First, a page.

The National Day of Prayer was created in 1952, but national calls to prayer are found throughout American history. The Continental Congress asked for prayer in 1775. President Lincoln proclaimed a day of prayer in 1863. In 1988, President Reagan fixed the National Day of Prayer as the first Thursday in May. On that day, millions of Americans repent, pray for national righteousness, and intercede for our leaders.
In today’s reading, Moses held a one-man “National Day of Prayer” on behalf of Israel. While he had been meeting with God on Mount Sinai, the people had made a golden calf and began worshiping it. They were impatient and faithless. They willfully ignored God’s miraculous deliverances. They indulged in “revelry,” meaning sexual immorality, along with the idolatry (v. 6). They disobeyed quite a few of the Ten Commandments (Ex. 20:1–17) in spectacular fashion!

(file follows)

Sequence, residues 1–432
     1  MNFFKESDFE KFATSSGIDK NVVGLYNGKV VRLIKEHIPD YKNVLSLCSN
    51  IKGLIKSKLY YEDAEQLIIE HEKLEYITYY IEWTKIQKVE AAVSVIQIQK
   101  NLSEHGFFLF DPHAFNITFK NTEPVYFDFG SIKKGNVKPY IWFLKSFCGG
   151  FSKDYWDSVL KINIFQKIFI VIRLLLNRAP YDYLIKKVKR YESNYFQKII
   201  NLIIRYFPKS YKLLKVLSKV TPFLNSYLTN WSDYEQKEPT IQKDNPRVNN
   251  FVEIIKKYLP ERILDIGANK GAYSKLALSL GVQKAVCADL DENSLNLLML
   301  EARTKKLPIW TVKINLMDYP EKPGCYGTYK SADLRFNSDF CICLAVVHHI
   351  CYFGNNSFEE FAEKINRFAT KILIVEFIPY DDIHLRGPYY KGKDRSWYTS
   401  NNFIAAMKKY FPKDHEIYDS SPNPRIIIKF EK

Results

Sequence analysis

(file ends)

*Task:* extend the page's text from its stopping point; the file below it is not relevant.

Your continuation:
Moses had been receiving the Law and was unaware of these events. So God’s news bulletin must have come as a shock. Perhaps his jaw was on the ground as God told what was going on, called the Israelites “corrupt” and “stiff-necked,” and presented a scenario in which they were wiped out and Moses became the father of a great nation (vv. 7, 9). Would this have been just? Yes. Would the Lord still have been faithful to His covenant promises? Yes. Yet especially in light of yesterday’s devotional, we suspect that God’s main interest here is in seeing how His chosen leader would respond. Like Abraham, Moses passed the test and responded with mercy. He didn’t take the bait, though he knew better than anyone how fickle and foolish the Israelites could be. Instead, he interceded for the people, not on the basis of their worthiness—he didn’t say a word in their defense!—but on the basis of God’s glory (vv. 11–14).
Apply the Word
Following the example of Moses, we, too, can pray for our nation and its leaders (1 Tim. 2:1–2). Why limit the National Day of Prayer to one day per year? Like Moses, it would be wise for us to base our prayers not on the worthiness of politicians and other leaders, but rather on the character and glory of God.